Saturday, July 11, 2009

Victory tour

Life has been hectic since I left the Divide. I'm currently in the middle of making the long commute between Salt Lake City and Juneau, Alaska. I had hoped to take the ferry, but I couldn't really plan my trip before I finished the ride, and the next boat was booked. I don't have the time to wait another week. So I have to make the 2,700-mile trip by myself in a 1996 Geo Prism. There's something about it that's very Divide-esque. It's even the same distance. Endurance driving.

I'm even visiting many of the same places I passed through on the Great Divide. So far, this trip hasn't flowed nearly as well as a typical day on the bike. I left my grandparents' house in Roy, Utah, on Friday just before noon and did a bit of a killer day to Lethbridge, Alberta, to give myself time to visit my friends and enjoy one semi-day of rest in Banff. I stopped in Idaho Falls to visit former coworkers, but no one was around at the office. Then I made my first gas stop in Lima, Montana, and the little store where I once bought cheese curds (those were such a rare find on the Divide and so delicious) was all out of fountain Diet Pepsi. I took a wrong turn in Butte and ended up driving 10 miles on I-90, which is actually quite funny because the Great Divide route comes right down I-15. You think I would have wondered why nothing looked familiar. I blew through Basin and Helena. The sun was still up when I passed through Great Falls, so I decided to continue north, only to discover that the only hotel before the border (a casino) was all booked up. My car was searched at the border - the first time I've been searched in several dozen Canadian border crossings. I arrived in Lethbridge after midnight, completely hammered, only to see huge crowds of people lining the street like they were waiting for some kind of parade, and every hotel in town had their "No Vacancy" signs lit. It was so foreign to me. I never had trouble finding beds on the Divide. I continued to the next town - I think it was Macleod - and crashed out in my car in the parking lot of a gas station. I slept only a couple hours before continuing on to Banff, wondering why life off the bike was so hard.

It's been good, too. On Thursday I was able to get in one last hike with my dad to Lake Blanche - about 2,700 feet of elevation gain and seven miles - not bad for three days off the Divide. I'm still noticing that I have no high throttle when I need to power up something steep, even on foot. I compare it to my Geo, who on every hill just doesn't have enough oomph to keep the speed steady and begins slowing to a put-put-put. The Divide has turned me into an old car, but I still feel healthy and seem to have all the ability I need to power myself where I need to go. I hope my Geo can do the same.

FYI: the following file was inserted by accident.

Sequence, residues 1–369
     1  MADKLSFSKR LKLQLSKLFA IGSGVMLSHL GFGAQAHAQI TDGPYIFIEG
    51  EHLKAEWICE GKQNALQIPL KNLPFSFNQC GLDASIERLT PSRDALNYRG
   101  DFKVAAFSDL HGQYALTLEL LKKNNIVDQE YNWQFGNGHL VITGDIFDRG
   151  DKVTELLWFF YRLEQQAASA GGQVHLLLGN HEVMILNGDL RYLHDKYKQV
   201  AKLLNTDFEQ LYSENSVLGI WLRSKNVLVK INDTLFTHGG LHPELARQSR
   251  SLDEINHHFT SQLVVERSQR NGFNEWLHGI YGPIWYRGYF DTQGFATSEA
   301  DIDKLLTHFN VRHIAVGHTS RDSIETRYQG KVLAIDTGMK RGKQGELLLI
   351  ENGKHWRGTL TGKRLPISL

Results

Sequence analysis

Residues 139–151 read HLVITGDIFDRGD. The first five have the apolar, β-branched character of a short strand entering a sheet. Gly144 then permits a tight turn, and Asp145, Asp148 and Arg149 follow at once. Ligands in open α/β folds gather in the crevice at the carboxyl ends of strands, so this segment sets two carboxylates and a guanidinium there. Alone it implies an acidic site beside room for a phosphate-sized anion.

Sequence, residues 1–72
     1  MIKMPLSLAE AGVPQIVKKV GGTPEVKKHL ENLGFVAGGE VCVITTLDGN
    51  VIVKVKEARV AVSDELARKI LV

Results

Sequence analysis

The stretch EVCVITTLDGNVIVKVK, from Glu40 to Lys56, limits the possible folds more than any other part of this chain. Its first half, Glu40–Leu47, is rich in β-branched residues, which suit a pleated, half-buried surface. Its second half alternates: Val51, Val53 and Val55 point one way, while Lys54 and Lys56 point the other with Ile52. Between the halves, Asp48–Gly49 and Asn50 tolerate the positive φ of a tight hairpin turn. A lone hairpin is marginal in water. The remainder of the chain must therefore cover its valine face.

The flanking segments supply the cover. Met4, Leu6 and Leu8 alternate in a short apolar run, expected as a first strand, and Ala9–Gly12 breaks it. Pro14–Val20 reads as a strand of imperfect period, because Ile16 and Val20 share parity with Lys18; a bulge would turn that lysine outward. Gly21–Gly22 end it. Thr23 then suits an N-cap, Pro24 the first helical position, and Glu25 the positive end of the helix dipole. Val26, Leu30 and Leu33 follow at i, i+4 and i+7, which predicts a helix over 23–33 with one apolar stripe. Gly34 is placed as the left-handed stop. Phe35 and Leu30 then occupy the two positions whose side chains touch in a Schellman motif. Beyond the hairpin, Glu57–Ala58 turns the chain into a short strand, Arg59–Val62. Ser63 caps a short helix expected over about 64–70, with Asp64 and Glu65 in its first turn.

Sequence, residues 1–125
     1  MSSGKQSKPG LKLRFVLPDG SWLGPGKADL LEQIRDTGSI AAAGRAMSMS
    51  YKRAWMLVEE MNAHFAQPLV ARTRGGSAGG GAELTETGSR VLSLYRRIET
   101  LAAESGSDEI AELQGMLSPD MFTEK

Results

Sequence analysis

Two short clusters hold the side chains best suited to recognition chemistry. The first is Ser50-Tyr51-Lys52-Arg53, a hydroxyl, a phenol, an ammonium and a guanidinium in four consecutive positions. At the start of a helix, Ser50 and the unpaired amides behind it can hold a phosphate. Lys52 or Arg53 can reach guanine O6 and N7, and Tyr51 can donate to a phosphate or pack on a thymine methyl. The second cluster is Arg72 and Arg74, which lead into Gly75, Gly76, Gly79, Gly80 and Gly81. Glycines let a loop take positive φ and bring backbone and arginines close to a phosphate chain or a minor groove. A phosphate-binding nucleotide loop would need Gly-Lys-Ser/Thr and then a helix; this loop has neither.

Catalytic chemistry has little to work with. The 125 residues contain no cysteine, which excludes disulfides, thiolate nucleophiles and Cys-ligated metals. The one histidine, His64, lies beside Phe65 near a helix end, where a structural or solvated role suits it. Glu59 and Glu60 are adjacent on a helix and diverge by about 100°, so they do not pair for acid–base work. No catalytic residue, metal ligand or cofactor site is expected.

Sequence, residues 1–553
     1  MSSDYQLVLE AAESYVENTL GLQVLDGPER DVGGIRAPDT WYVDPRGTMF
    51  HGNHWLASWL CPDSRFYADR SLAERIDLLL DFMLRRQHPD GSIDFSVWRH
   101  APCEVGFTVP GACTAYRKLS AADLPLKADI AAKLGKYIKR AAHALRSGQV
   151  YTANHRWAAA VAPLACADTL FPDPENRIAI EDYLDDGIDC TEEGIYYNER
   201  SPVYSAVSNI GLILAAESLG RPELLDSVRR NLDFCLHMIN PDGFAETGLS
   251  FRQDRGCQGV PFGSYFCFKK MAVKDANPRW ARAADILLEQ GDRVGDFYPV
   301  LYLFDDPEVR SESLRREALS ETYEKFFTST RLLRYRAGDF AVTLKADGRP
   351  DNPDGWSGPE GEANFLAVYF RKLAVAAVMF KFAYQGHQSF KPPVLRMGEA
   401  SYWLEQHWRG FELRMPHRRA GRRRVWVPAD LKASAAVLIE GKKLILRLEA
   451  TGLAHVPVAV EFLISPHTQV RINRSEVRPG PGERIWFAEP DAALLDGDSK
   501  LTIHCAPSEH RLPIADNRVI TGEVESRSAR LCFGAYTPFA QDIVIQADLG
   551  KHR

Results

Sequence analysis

I'm sad to be leaving Utah. It's such a beautiful state and most of my friends and family live there. But Alaska beckons, as does my need to start bringing in income after three months of hemorrhaging my savings.

One nice thing about my failure to find a hotel room last night is that I made it to Banff really early today. I enjoyed a leisurely walk and an ice cream cone among the throngs of tourists that visit Banff on a Saturday in July. I went to see the Spray River trailhead (beginning of the GDMBR). It's strange to be back here. It feels like no time at all has passed since I rolled out on June 12, but in many ways it feels like eons have passed.

Keith and Leslie, who declared their place my "home" for the time being since I am currently homeless, led me on my victory tour through Banff - on a tandem cruiser, of course, through a current of tourists.

We rolled by the Ski Stop, a bike shop in Banff that threw a barbecue for the Tour Divide the night before the race. I guess as a TD finisher, I get to enjoy partial celebrity status. The owner, Jason, gave me a jersey, and supposedly this picture is going to end up hanging somewhere in the store.
I'm heading out tomorrow for more endurance driving. Keith is going to accompany for about 60 miles before I drop him off for a road bike ride, and then it's back to listening to every single Tour Divide call-in on my iPod. North to the future!